Is this a good time to sell my Dubai property?
Yes, it is as good a time as any, because Dubai’s housing market has witnessed a serious deflationary trend over the last few years. The fall in Dubai’s property market began in 2009, and the situation has gotten from bad to worse since then.
The decline has been arrested somewhat since 2014, but in 2015, we have seen rental incomes decline by 3 percent, which is a good indication of where we are headed in Dubai. There has been a general reduction in both, values as well as the volume of property transactions.
While over 20,000 new units are close to completion in Dubai this year, there hasn’t quite been the same demand for them as there used to be in the past. We expect the negative growth not only to continue, but to accelerate in 2016, largely because there is going to be an oversupply of new properties.
The decline in property prices in Dubai has been attributed largely to external factors. The decline in global oil prices – oil prices have come down to $42/barrel at the time of this writing – has been a huge blow to Dubai, as it is a city that has largely been built on the wealth generated by the U.A.E.’s oil exports.
The strength of the US Dollar as well as that of the British Pound, and the weakness of the Euro has made Dubai an expensive investment for European investors, who have always been the top investors in Dubai. In fact, this has led to a capital outflow as rich individuals in Dubai and the rest of the Middle East today prefer to invest in Spain, Portugal, France and other European countries, where properties can be bought for a real bargain.
Other factors are the EU enforced sanctions on Russia, and the uncertainty that prevails in the global currency markets. This has really affected the inbound as well as outbound flow of capital.
But this is not to say that the Dubai housing market is dead. Locations such as the popular Discovery Gardens and Dubai Marina continue to garner a lot of interest, which we expect to continue.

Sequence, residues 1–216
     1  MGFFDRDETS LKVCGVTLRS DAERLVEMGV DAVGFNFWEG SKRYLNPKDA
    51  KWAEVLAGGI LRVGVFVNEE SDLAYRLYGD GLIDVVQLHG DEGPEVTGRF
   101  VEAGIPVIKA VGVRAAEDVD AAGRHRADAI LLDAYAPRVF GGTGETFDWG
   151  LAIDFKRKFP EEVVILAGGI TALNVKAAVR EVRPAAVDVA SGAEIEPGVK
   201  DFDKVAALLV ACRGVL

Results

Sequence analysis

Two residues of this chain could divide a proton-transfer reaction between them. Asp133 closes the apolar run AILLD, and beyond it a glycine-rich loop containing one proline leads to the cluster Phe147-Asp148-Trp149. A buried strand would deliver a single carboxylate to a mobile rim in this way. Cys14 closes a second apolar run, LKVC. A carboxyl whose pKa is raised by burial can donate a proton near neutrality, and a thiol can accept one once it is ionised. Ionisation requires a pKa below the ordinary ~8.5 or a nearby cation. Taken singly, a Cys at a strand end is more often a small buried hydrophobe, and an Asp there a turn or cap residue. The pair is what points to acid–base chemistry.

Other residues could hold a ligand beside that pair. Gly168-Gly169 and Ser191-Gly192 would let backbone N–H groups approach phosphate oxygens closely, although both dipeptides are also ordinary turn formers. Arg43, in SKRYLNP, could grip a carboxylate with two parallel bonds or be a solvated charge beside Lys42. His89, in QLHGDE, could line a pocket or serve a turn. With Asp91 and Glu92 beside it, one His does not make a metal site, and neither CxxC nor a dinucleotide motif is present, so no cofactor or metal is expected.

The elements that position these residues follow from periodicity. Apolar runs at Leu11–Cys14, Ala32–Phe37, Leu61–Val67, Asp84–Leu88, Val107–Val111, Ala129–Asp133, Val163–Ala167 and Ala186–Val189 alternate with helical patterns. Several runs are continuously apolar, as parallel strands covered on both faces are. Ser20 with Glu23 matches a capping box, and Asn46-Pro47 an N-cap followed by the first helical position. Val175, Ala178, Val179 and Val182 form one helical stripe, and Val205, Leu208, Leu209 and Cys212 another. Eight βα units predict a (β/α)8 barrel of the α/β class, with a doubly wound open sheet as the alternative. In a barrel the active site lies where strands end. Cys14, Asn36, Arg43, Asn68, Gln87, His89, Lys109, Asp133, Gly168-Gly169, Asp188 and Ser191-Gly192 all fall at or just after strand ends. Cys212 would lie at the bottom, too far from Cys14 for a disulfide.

But generally, analysts predict a drop in property prices by 10 to 20 percent over the next 12 months, largely because of the glut of new supply. Faisal Durrani, who is an international research and business development manager at Cluttons, says, “At the moment, we’re seeing capital values continuing to modestly decline. It’s fair to say that there has been more resilience in the rental market than in sales. If yields continue to strengthen there will be an appetite to acquire – from buy-to-let and buy-to-live investors.”
John Stevens, is the managing director of Asteco Property Management. He is convinced that as 16,000 new units will be handed over to property buyers over the next 12 months, rental incomes in Dubai will decline further, especially in areas such as Dubailand, IMPZ and Jumeirah Village Circle.
Mr. Stevens says, “For Q3 and Q4, we don’t necessarily think that there will be an increase, but we don’t think we’ll see much of a fall, either. People are starting to think that property is becoming more affordable again, and that prices are not likely to fall much further. We don’t think there will be further falls, but what we do expect to see is a steep increase in transactional activity. As prices have dropped, more people are entering the market.”
What is clear is that Dubai’s days as the world’s top investment destination are behind it. We expect the dominant trend in the Dubai property market to be on the negative side.